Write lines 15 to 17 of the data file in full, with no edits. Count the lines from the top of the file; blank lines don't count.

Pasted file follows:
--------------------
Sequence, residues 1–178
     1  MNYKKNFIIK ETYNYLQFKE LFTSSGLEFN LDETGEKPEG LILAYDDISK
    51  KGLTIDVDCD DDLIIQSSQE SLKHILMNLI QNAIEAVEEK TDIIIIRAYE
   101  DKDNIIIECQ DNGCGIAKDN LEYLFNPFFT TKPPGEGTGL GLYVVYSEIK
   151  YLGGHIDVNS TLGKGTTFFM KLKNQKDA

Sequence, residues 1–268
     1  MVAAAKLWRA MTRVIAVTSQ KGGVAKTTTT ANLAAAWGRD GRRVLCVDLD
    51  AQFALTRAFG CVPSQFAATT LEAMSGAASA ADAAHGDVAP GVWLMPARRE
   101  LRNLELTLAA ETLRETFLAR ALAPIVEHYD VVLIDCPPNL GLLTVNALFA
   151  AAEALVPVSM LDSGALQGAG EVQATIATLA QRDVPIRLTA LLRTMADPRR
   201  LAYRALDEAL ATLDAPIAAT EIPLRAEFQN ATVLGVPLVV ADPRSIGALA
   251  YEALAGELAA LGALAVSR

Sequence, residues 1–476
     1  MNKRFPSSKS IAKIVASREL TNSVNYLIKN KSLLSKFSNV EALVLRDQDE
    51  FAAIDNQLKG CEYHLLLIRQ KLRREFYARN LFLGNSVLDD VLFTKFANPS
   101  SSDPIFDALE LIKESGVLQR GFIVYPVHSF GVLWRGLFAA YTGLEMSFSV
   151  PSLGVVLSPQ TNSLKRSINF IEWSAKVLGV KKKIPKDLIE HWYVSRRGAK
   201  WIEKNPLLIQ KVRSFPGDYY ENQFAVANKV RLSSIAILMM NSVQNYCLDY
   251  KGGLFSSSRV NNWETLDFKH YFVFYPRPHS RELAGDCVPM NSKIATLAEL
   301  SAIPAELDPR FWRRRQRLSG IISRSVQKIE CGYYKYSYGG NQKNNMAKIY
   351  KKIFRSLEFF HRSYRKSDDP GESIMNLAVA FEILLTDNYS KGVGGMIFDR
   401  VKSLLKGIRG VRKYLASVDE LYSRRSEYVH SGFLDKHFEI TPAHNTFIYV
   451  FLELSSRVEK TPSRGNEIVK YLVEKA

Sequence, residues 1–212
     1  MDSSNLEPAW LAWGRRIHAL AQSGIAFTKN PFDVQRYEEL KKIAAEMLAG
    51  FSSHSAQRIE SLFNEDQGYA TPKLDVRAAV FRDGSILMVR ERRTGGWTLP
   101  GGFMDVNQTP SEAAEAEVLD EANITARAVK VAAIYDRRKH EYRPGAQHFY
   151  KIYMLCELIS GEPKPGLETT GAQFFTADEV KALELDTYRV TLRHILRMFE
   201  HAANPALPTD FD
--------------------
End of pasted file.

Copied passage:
    51  FAAIDNQLKG CEYHLLLIRQ KLRREFYARN LFLGNSVLDD VLFTKFANPS
   101  SSDPIFDALE LIKESGVLQR GFIVYPVHSF GVLWRGLFAA YTGLEMSFSV
   151  PSLGVVLSPQ TNSLKRSINF IEWSAKVLGV KKKIPKDLIE HWYVSRRGAK